This is a cooperative drill. We’re not going to try to hit winners right now. We’re just trying to get the feel and get that consistency on our volleys.
There’s a couple of things we want to focus on.
The first is going to be your contact point. You want to make sure your contact point is out in front the best you can because you’re going to have the most control out here. You don’t want it too close to your body and you don’t want to get jammed. So, you’re going to have to move at times to create space to have a consistent contact point out in front.
The next thing we want to focus on is a stable paddle face.
I’m not talking about swinging volleys. These are just regular push or punch volleys.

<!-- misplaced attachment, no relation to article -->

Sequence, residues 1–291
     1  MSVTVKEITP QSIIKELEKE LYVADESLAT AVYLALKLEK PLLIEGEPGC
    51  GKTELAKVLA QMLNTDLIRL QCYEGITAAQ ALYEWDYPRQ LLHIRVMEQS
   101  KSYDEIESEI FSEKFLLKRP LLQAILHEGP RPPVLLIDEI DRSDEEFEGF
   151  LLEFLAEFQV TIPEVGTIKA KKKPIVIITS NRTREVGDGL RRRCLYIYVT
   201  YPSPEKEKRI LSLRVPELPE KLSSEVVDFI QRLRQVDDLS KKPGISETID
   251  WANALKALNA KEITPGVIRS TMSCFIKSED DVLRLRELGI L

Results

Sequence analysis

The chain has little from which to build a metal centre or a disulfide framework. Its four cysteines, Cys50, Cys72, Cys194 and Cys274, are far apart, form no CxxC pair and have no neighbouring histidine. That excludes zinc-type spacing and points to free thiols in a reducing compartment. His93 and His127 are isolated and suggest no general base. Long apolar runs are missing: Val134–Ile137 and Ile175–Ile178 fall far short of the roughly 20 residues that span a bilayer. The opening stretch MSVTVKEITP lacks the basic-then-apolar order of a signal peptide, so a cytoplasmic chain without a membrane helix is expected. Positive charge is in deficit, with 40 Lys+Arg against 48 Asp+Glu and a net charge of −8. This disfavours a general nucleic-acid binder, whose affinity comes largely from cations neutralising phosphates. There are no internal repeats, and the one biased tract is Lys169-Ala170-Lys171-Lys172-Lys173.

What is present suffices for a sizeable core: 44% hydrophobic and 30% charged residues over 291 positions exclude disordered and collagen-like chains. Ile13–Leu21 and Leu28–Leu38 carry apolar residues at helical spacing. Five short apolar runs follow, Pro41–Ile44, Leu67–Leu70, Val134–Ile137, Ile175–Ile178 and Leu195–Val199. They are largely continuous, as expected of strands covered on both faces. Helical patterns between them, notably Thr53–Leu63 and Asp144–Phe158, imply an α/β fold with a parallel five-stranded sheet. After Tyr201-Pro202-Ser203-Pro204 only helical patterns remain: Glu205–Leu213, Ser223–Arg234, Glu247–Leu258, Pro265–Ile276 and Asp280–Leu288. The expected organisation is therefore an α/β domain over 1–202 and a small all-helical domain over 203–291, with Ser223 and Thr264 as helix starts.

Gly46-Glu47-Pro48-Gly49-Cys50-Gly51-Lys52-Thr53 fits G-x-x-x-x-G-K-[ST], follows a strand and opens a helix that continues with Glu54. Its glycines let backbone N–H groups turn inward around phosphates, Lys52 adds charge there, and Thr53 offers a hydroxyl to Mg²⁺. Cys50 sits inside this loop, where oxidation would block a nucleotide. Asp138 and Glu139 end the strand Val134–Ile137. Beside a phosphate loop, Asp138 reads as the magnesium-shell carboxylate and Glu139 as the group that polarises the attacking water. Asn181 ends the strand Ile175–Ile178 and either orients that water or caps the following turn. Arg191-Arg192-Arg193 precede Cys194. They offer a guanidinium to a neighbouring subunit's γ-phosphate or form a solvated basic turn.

These are the kinds of volleys you’re going to hit a lot in pickleball. You’re not going to see a lot of wrist action at all and you’re not going to see me changing the angle of my paddle when I volley. It’s pretty consistent.
As I hit my forehand or hit my backhand, I’m just pushing or moving it forward. It’s a very compact stroke and this is a good way to work on it up at the non-volley zone line.
That was a good way to work on defensive blocked volleys and neutral volleys. But now, what we’re going to work on is counter attacking volleys. This is when someone chooses to speed it up and you are trying your best to be ready and trying to counter attack back and down.
What I’m going to do is I’m going to dink with Katrina and I’m going to be the attacker and she’s going to be the counter attacker.
She knows that I can attack at any time. We’re going to dink and I’m going to attack. I want her to practice her counter attack.
That’s just a great way that you can work on your counter attacking.
This concludes the four skills that you’re going to need if you want to achieve a 4.0 level or higher.
Every high-level player has all these skills and they’ve mastered them.
Go out there and practice these skills!